October 7, 1994, saw a strange sight over the Hürtgen War Cemetery in Hürtgen, Germany. The cemetery is the final home of 3001 bodies – mostly German and mostly from WWII. It is therefore quite common to see Germans gather there to honor their dead.
But on that day, there was another group paying their respects to the fallen. Led by Lieutenant Colonel John Ruggles, former Regimental Executive Officer of the 22nd Infantry, the men were setting up a monument to a German officer.
What makes the whole thing strange was that the men were American veterans of WWII. Not only that but they had actually fought the German officer they were there to honor.
To understand this, we have to go back to 1944. The D-Day landings at Normandy saw the Allied forces gaining ground and fighting their way through Normandy one hedgerow at a time. Then came the breakout and in August of 1944 the Germans were pushed back towards Germany, often retreating faster than the Allies were able to advance.
Buoyed by their success, the Allies continued their rapid advance toward Germany. In so doing, they overextended their supply lines which slowed their progress and gave the Germans some breathing room by which to rebuild their strength.
By mid-September, the US First Army wanted to cross the Rhine River into the German heartland, but they were blocked outside the city of Aachen. By October, the US 1st Infantry Division arrived to support the XIX Corps and the VII Corps as it surrounded the city which still refused to surrender.
There was also concern about the Ruhr Dam. The Americans feared that the Germans might destroy it, creating a deluge that would mire down the Allied forces further downstream. To get to that dam as quickly as possible, they had to go into the Hürtgen forest which lay between the city and the Ruhr. A dense forest with steep hills and deep ravines.
Opposing them were the German 275th and 353rd Infantry Divisions under Lieutenant General Hans Schmidt. These had dug themselves in by setting up minefields, barbed wire, and booby-traps. They also used bunkers which serviced the Siegfried Line – a series of defenses along Germany’s western border which was built between 1936-1939 and was then abandoned for four years. Nature took over and gave the German bunkers near-perfect camouflage.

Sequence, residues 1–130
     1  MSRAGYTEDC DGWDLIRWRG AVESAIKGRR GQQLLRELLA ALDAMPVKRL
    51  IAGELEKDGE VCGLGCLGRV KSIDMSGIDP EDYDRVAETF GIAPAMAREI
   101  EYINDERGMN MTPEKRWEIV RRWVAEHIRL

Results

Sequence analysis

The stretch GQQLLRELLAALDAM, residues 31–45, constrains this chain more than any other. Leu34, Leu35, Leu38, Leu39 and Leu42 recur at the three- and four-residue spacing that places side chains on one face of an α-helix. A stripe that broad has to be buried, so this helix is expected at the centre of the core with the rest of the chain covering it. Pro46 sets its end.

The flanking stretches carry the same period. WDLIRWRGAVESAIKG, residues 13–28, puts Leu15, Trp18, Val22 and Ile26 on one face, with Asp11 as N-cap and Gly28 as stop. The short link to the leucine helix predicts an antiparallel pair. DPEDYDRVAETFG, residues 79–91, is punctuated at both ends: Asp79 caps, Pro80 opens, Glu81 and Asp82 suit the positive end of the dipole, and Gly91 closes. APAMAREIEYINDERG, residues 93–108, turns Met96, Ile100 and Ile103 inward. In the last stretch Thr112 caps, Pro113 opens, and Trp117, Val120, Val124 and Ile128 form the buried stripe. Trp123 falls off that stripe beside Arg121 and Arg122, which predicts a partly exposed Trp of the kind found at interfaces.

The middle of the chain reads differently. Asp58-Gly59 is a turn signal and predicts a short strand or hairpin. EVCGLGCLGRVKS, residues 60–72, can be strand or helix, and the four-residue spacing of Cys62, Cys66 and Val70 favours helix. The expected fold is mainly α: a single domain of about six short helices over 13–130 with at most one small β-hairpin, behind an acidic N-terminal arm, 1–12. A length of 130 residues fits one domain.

They knew the terrain well, some came from the nearby villages, and being there first, were able to prepare their defenses. Although the Allies were superior in the air, the dense vegetation of the forest virtually nullified their advantage since pilots couldn’t identify enemy targets. So while the Germans were outnumbered five to one, the odds were still in their favor.
On September 19th, the US 60th Infantry Regiment made their first foray into the forest but were beaten back. They had suffered some 4,500 casualties by October 16th when the US 28th Infantry Division joined them. The 28th launched a major assault on the German positions on November 2nd and captured the town of Schmidt the next day before they were expelled by a strong German counterattack.
On November 4th, the Americans retreated to Kommerscheidt where they pushed the enemy back. They again attacked Schmidt and fighting continued until November 10th when they were forced to retreat.
Lt. Friedrich Lengfeld was with the 275th and became commander of the 2nd Company when his Company Commander died in October. November saw them in Vossenack between Schmidt and Hürtgen, fighting desperately to save the town with the 116th Panzer Division that would eventually dislodge the Americans and force them to retreat.
By November 10, Lengfeld’s company was exhausted. The group had been decimated, and those who survived hadn’t bathed in days. Everyone was suffering from a serious bout of lice, hunger, malnutrition, and severe cold, as well as damp because of the snow and rain.
They had been fighting over a forester’s lodge in the woods to the south of where the Hürtgen War Cemetery now stands. At the time, the lodge had been used as a shelter by both sides depending on who held it.
The structure was beside a minefield the Germans called “Wilde Sau” (wild sow) and despite its decrepit condition, it provided some shelter from the elements. The following day, Lengfeld lost two men from sniper fire, so they prepared for another attack.
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